- The Washington Times - Tuesday, November 27, 2018

The federal government can’t designate land as a habitat for an endangered species on the expectation that the animals might eventually want to move there, the Supreme Court unanimously ruled Tuesday, delivering a victory to property owners.

In an 8-0 decision, the justices rejected the federal government’s attempt to designate roughly 1,500 acres in Louisiana as critical space for the dusky gopher frog, finding the species hadn’t lived there since 1965 and the area has since been used by a timber company, altering its landscape to be inhospitable to the frog’s return.

Chief Justice John G. Roberts Jr., who wrote the opinion for the court, said an area can’t be considered “critical habitat” for a species if the animal in question couldn’t actually live there now.

“Only the ‘habitat’ of the endangered species is eligible for designation as critical habitat,” he wrote.

The dusky gopher frog originally lived in Alabama, Mississippi and Louisiana in longleaf pine forests, including the acreage in question in Tuesday’s case.

But urban development and timber plantations pushed the frog out into neighboring counties.

Now the federal government fears future events might sour the new habitat. The government sought to designate the original Louisiana land as a critical habitat for the animal’s future.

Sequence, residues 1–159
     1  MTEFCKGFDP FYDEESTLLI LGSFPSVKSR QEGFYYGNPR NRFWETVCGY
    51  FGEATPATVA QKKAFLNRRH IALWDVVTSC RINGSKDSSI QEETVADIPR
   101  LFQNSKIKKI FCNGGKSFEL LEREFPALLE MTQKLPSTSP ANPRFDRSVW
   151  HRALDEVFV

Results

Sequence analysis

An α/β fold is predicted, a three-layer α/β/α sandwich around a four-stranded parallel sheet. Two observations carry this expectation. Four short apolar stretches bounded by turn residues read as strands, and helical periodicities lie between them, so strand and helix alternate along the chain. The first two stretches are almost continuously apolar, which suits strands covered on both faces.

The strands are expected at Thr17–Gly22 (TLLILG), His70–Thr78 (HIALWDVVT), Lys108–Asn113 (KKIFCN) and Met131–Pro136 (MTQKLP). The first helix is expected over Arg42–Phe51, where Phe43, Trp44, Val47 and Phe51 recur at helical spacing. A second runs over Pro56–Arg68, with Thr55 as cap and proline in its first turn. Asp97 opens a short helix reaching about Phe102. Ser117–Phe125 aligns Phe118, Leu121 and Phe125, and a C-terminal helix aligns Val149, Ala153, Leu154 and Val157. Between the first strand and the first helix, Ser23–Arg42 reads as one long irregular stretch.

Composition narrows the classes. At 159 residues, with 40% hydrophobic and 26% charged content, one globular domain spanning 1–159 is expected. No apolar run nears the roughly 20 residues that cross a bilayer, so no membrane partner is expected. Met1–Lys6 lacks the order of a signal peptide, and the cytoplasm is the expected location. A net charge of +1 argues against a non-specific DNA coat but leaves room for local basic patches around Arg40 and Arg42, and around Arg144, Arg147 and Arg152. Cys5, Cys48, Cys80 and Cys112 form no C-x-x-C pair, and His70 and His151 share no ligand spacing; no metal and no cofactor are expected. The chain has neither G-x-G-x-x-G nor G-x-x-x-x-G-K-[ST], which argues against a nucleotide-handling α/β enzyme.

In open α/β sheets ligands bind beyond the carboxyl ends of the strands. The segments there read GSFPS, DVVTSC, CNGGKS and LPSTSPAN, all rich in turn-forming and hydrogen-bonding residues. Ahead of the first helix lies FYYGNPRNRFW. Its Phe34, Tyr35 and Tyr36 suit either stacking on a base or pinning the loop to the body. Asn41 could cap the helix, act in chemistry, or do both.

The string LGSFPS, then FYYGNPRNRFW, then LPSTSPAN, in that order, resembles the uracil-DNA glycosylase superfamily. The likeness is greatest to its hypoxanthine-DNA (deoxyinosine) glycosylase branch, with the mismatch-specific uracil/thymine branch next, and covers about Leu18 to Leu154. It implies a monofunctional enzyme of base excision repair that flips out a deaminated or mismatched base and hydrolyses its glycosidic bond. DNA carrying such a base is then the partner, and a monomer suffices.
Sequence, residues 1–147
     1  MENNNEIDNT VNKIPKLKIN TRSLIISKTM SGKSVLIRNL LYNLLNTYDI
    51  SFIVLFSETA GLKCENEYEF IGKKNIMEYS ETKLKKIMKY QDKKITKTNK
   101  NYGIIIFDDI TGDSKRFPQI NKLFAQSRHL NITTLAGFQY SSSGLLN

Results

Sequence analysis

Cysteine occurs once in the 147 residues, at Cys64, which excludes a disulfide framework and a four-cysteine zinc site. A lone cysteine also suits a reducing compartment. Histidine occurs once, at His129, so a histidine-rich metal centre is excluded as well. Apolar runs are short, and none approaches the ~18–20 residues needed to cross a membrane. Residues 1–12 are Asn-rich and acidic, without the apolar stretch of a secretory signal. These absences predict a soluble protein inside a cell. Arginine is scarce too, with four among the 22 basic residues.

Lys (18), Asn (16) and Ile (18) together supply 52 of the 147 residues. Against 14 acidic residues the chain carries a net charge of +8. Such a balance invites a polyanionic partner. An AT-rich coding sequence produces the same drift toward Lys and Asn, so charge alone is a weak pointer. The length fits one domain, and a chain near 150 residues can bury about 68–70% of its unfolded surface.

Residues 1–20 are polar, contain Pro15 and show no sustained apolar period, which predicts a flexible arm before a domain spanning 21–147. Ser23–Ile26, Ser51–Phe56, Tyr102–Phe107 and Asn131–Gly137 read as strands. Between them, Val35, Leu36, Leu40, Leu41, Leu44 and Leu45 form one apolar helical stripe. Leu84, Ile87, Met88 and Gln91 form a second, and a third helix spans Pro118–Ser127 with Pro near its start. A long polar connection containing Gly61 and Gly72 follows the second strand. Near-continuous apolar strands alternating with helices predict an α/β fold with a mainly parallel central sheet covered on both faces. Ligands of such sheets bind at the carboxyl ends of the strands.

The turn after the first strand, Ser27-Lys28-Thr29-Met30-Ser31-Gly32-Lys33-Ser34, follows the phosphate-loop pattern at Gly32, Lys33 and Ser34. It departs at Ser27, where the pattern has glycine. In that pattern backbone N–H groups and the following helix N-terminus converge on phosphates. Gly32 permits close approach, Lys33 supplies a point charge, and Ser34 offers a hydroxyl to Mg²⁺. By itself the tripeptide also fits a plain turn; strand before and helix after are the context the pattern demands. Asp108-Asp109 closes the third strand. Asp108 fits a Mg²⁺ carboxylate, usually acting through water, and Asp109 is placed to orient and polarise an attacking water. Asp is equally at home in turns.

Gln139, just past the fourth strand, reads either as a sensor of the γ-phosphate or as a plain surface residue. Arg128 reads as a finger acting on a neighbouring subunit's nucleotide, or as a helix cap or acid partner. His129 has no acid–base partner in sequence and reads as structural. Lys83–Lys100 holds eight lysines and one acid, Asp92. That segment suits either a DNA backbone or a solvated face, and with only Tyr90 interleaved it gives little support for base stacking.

That would impose severe restrictions on what the owners could do with it — including derailing their plans for development. They said the economic loss could reach $30 million.

The justices, after rejecting the Interior Department’s arguments, sent the case back to the lower court to take a fresh look at the cost and benefits of the government’s designation of the land.

Edward B. Poitevent II, a landowner in the case, said the unanimous decision by the justices shows just how wrong the government was in its handling of their land.

“We won a great victory today for many people — my family, the citizens of St. Tammany Parish and the people of the United States,” he said.

Collette Adkins, an attorney for the Center for Biological Diversity, which intervened in the case, said she was disappointed in the ruling.

“The dusky gopher frog’s habitat protections remain in place for now, and we’re hopeful the 5th Circuit will recognize the importance of protecting and restoring habitats for endangered wildlife to live,” she said.

Karen Harned, executive director of the National Federation of Independent Business’s Small Business Legal Center, said the court’s ruling was a win for small business owners.

“The reality is that [Endangered Species Act] restrictions impose major costs, and can seriously impair the ability of a small business to continue operations or to expand,” she said.

Justice Brett M. Kavanaugh, who joined the court after the parties argued the case, took no part in the decision.

⦁ James Varney contributed to this report.

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